Lena (a standard test image in the graphics programming world) is transformed by the Perlin gain function with b = 0.5, b = 0.4, and b = 0.65, respectively (left to right).
Coaxing more contrast out of an image is a kind of exercise in weak-signal detection. You're trying to make information more obvious in the presence of noise. In practice, it comes down to making light tones lighter and dark ones darker. But you have to do it carefully, in such a way as not to force too many (preferably no) dark tones into total blackness nor too many light tones into total whiteness.
The Perlin gain function maps the unit interval (i.e., real numbers from 0 to 1, inclusive) onto itself in such a way that a control value of 0.5 maps [0..1] to [0..1] unchanged, whereas a control-parameter value of (say) 0.25 maps the number 0.5 to itself but maps all other values in the unit interval to new values, as shown in the figures below. (In each graph, the x- and y-axes go from zero to 1.0.)
In the function shown above, the control parameter (the formal parameter that throttles the function) is b. The input value that will be mapped to a different output is a. If b is 0.5, then the output of the function will always be a no matter what value of a you pass in. But if b is 0.25, and a is (say) .4, the function will return 0.456, whereas if b is 0.75 and a is 0.4, the output will be 0.32. In one case, a got bigger, and in the other case it got smaller. The function has the effect of making bigger values bigger and smaller values smaller when b > 0.5. It has the effect of making bigger values smaller and smaller values bigger when b < 0.5.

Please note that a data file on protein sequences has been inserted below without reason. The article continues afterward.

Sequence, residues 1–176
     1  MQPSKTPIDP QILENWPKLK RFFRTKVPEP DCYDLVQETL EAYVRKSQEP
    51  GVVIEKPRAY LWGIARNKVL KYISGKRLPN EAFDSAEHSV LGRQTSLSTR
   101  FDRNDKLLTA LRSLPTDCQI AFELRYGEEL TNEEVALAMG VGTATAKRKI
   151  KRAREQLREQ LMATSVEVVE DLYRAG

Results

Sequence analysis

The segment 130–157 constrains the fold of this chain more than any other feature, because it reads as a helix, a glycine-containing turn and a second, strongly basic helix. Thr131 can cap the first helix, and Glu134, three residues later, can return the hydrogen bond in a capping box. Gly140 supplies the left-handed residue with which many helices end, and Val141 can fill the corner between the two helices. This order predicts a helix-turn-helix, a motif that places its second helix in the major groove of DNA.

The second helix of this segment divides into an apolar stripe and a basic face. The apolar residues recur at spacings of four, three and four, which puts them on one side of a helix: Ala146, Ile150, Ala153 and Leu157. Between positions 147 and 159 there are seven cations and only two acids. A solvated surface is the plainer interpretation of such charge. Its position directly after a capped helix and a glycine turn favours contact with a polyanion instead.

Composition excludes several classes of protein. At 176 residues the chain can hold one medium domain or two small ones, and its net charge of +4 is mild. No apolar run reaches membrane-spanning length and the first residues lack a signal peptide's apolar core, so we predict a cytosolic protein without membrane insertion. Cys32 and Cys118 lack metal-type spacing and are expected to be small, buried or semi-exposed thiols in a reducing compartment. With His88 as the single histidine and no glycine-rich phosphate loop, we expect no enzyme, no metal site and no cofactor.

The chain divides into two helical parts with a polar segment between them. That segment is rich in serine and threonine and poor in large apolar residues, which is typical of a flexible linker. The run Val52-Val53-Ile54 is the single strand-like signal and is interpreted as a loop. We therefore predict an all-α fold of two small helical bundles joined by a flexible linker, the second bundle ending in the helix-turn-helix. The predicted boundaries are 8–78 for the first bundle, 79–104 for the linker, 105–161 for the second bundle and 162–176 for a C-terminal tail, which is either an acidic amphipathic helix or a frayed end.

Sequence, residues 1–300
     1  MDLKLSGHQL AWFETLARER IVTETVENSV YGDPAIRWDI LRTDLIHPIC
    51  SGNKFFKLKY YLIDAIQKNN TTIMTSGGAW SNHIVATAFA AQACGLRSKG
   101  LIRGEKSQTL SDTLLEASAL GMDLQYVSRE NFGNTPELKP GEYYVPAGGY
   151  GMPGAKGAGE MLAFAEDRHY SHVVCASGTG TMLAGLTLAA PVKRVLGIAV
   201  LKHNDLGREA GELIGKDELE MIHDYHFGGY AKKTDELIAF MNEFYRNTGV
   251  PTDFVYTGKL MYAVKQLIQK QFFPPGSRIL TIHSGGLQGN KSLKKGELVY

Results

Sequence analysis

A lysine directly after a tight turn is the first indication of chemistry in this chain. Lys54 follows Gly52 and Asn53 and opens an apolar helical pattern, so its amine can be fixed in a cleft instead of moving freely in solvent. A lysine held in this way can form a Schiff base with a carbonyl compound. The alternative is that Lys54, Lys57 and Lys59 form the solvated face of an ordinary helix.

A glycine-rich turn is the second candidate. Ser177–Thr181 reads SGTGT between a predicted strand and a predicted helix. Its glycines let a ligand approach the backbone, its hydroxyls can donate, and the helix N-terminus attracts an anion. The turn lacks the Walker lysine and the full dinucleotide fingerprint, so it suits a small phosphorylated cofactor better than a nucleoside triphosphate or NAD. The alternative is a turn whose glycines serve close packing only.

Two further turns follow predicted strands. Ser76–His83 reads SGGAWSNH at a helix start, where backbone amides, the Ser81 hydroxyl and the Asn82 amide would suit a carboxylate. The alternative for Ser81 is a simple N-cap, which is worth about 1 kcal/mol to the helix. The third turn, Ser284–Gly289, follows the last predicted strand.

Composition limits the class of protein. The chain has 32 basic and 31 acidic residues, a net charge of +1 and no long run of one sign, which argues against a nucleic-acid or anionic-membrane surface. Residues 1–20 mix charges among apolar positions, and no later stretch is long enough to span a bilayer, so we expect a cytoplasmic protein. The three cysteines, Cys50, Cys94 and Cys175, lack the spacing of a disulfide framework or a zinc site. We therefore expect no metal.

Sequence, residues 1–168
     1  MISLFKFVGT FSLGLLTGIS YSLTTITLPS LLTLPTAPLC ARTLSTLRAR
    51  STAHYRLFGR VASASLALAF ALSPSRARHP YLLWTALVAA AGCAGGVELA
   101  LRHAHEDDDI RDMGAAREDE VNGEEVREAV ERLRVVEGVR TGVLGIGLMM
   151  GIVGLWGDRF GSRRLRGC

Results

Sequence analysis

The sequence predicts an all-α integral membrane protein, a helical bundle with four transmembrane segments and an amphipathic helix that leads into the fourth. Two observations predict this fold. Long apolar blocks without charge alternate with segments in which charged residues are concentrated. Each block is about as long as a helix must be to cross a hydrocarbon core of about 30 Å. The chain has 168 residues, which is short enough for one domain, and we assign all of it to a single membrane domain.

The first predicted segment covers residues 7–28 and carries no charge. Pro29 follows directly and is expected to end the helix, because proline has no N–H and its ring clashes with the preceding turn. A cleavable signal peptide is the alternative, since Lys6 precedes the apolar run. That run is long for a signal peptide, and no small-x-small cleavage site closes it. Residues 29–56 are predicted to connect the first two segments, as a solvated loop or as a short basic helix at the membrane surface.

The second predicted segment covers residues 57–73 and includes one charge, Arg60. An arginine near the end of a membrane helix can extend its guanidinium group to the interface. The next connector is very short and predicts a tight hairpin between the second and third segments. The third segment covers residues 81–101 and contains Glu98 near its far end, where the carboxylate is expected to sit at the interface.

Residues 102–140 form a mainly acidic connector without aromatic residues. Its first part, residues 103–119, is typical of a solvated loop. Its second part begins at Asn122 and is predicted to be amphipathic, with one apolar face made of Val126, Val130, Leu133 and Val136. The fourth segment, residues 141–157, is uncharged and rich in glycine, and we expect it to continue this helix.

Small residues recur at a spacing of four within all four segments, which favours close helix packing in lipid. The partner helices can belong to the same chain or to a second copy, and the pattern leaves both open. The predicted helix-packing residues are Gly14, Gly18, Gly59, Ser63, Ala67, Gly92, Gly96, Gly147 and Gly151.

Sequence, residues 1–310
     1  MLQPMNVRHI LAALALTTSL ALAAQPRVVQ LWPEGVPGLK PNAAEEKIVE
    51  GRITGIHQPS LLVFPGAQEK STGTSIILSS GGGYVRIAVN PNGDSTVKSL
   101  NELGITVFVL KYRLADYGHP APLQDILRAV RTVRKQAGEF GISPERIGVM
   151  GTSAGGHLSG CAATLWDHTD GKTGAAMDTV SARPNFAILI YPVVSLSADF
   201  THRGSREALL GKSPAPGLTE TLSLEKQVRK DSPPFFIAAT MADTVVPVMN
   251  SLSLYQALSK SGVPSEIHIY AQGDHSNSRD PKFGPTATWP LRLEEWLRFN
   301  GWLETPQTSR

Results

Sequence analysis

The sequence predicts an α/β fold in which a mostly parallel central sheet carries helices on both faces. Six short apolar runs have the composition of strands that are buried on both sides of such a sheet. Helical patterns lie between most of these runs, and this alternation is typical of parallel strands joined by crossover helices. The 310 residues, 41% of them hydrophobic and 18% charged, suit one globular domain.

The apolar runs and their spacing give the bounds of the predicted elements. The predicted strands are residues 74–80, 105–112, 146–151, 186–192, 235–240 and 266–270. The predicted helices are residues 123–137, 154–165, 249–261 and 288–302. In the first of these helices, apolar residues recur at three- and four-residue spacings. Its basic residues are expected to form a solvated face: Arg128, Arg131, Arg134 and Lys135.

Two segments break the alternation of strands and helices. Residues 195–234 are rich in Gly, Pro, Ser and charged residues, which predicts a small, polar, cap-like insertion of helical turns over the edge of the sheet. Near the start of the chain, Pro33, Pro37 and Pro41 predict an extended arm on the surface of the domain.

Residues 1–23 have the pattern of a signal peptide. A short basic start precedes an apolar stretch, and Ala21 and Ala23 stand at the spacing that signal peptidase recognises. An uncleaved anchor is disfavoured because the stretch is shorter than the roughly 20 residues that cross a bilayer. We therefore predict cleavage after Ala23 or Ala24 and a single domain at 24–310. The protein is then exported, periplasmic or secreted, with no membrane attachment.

Gain = 0.25
Gain = 0.5
Gain = 0.75
This turns out to be a great function for changing the contrast of an image. All you have to do is re-map pixel values onto the [0..255] interval using the function, with a value for b of something greater than 0.5 if you want the image to have more contrast, or less than 0.5 if you want the image to have less contrast.
It turns out Java.awt.image has a built-in class called LookupOp that implements a lookup operation from a source color table to an output color, which makes it easy to implement extremely high performance contrast adjustment via the gain function. The red, green, and blue values in an RGB image span the interval zero to 255. All we need to do is create a byte array of length 256, containing those values, then modify the table by passing each value through the gain function. The altered table can be used to create a LookupOp instance, and then you just need to call filter() on the instance, passing it an input image and an output (holder) image.
Projects for the future:
- Add a UI to the program to allow contrast to be adjusted in real time with a slider.
- When contrast is increased in a color image, hot parts of the image appear to get hotter and cold parts appear to get colder. Write a modification of the contrast code that compensates for apparent temperature changes.
- In the code as currently written, inaccuracies due to rounding errors are ignored. Rewrite the routine to transform the image to a 16-bit color space, and use a 32K color lookup table rather than a 256-byte table, for the contrast adjustment; then transform the image back to its original color space afterwards.